Quizartinib Gets Green Light in EU for Treating Acute Myeloid Leukemia

Quizartinib, CHMP opinion, FLT3-ITD Positive AML, EMA approval, acute myeloid leukemia, Daiichi Sankyo

Daiichi Sankyo has received a positive recommendation for the approval of quizartinib in the European Union (EU). This recommendation is specifically for quizartinib’s use in combination with standard cytarabine and anthracycline induction, followed by standard cytarabine consolidation chemotherapy, and subsequent single-agent maintenance therapy with quizartinib. This treatment regimen is intended for adult patients who are newly diagnosed with acute myeloid leukemia (AML) and have a FLT3-ITD positive status.

The recommendation was provided by the Committee for Medicinal Products for Human Use (CHMP) of the European Medicines Agency (EMA). The decision was primarily based on the results from the phase 3 QuANTUM-First trial, which were published in The Lancet. The next step involves the European Commission’s review, as it holds the authority to grant marketing authorizations for medicines within the EU.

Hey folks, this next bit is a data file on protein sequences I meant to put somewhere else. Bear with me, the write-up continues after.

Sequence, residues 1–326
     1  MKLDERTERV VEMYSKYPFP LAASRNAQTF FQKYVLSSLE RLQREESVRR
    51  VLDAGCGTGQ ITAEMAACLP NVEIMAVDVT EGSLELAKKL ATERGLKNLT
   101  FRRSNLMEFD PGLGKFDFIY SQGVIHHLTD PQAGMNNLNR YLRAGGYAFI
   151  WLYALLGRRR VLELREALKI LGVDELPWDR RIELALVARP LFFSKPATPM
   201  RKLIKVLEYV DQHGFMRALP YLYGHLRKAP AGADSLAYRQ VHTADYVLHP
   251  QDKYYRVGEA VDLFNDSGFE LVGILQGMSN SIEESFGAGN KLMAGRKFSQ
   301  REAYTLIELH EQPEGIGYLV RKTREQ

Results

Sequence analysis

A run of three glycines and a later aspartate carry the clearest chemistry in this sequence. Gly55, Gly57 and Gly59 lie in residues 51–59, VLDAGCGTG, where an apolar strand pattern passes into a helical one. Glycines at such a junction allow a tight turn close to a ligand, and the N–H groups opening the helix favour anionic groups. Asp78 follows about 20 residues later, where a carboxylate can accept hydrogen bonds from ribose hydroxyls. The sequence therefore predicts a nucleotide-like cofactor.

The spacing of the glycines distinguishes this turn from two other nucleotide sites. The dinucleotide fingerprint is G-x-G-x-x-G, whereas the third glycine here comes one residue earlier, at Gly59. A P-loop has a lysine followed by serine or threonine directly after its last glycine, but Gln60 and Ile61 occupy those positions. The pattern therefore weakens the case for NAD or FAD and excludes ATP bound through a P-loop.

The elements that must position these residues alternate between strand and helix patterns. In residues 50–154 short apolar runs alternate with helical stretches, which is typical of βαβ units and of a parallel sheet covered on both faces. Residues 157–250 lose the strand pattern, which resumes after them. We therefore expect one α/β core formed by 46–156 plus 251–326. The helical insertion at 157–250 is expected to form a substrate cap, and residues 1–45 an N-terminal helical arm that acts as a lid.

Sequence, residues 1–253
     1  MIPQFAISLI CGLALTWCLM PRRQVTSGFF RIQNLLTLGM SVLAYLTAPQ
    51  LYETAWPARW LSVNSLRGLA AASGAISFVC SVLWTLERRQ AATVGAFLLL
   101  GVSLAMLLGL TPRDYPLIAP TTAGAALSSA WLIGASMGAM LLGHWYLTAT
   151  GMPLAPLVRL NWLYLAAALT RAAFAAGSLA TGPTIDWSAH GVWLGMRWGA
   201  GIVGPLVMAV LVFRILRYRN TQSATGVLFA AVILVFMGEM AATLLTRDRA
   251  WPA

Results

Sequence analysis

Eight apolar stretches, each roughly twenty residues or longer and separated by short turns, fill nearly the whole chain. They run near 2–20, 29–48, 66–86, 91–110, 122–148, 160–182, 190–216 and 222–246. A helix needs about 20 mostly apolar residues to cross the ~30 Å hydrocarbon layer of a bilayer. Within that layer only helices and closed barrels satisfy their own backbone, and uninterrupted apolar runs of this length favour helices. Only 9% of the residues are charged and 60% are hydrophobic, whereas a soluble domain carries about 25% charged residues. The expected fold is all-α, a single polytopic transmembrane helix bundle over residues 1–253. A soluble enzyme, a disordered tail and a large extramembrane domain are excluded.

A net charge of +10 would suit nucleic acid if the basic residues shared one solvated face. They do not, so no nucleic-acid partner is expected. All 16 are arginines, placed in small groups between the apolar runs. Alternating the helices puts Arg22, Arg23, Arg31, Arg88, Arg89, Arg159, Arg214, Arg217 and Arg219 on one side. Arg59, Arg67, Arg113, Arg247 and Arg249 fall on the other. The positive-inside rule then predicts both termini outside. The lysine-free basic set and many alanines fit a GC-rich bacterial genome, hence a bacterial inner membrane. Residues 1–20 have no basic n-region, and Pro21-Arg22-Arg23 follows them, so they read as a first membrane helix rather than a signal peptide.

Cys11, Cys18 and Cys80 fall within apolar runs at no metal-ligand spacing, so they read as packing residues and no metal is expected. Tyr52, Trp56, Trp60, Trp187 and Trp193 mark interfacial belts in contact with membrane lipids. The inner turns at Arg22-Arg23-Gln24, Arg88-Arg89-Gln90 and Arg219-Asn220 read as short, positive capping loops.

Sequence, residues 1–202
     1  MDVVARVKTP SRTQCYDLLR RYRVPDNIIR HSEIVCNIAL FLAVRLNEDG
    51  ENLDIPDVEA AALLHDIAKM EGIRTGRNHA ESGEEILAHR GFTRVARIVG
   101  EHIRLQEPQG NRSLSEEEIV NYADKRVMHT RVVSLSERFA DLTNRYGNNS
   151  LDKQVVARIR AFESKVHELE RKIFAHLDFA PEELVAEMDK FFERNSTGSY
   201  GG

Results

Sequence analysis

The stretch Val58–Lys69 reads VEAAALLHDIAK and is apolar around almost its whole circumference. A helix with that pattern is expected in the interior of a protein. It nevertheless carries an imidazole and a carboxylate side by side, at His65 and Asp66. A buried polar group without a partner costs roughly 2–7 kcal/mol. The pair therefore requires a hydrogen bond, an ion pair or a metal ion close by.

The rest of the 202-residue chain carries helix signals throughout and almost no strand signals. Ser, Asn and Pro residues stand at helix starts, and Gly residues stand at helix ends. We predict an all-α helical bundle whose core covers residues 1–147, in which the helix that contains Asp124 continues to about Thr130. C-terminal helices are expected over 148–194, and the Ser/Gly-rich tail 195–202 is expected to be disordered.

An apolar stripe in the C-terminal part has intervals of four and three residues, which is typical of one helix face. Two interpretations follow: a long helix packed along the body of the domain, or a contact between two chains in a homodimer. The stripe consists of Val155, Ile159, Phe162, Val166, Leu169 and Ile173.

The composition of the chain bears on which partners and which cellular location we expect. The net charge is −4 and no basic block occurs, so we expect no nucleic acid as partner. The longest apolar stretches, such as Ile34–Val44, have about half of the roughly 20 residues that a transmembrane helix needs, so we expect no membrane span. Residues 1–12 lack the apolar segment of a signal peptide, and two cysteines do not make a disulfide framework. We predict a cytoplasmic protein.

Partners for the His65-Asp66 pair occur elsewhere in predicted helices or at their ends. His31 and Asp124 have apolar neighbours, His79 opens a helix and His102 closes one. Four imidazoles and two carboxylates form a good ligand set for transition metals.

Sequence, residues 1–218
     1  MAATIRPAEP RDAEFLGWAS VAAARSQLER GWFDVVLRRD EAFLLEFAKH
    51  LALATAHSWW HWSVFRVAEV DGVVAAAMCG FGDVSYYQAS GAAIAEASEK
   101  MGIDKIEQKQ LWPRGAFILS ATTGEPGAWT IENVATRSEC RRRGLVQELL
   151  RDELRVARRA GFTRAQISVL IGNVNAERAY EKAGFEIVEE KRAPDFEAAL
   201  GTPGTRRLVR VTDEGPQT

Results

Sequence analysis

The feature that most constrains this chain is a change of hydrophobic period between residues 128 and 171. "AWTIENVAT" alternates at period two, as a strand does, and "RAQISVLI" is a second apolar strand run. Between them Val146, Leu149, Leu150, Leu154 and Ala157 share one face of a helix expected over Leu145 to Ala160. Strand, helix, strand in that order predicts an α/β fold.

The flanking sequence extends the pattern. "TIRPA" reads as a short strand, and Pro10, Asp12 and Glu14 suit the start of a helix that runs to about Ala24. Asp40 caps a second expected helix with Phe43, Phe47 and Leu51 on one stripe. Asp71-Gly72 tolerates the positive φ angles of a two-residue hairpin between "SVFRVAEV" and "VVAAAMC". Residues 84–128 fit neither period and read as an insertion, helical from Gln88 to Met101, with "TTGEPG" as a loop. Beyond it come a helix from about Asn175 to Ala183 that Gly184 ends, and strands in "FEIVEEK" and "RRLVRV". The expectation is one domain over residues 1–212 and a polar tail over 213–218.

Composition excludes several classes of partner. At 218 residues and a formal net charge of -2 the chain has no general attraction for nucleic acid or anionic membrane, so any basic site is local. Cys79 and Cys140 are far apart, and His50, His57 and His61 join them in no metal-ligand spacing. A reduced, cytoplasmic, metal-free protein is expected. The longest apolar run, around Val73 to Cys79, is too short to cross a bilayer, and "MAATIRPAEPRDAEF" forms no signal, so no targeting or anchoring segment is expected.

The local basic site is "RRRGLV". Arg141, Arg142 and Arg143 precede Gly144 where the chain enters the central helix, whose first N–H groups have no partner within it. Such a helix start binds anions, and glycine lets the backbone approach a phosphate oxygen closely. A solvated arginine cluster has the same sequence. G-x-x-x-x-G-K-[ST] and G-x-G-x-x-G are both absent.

In the QuANTUM-First trial, quizartinib was administered alongside standard cytarabine and anthracycline induction, followed by standard cytarabine consolidation, and then continued as maintenance monotherapy. This comprehensive approach demonstrated a 22% reduction in the risk of death compared to standard chemotherapy alone, with a notable median overall survival of 31.9 months for patients receiving quizartinib.

“Today’s positive CHMP opinion for quizartinib is an important step towards translating the clinical benefit observed in QuANTUM-First into an approved treatment option for patients in the EU with the difficult-totreat FLT3-ITD subtype of acute myeloid leukemia. If approved, quizartinib would be the first FLT3 inhibitor approved specifically for patients with newly diagnosed FLT3-ITD positive AML.” 

– Mark Rutstein, MD, Global Head, Oncology Clinical Development, Daiichi Sankyo

The safety profile of quizartinib in the trial aligned with previous clinical trials, with no new safety concerns identified. The most common grade 3 or 4 treatment-related adverse events included febrile neutropenia, hypokalemia, neutropenia, and pneumonia. Additionally, QTcF > 500 ms occurred in a small percentage of patients receiving quizartinib, and ventricular arrhythmia events with quizartinib were infrequent.

This positive recommendation for quizartinib signifies a potential advancement in the treatment options available for patients with newly diagnosed FLT3-ITD positive AML within the EU, offering hope for improved outcomes and enhanced therapeutic strategies.

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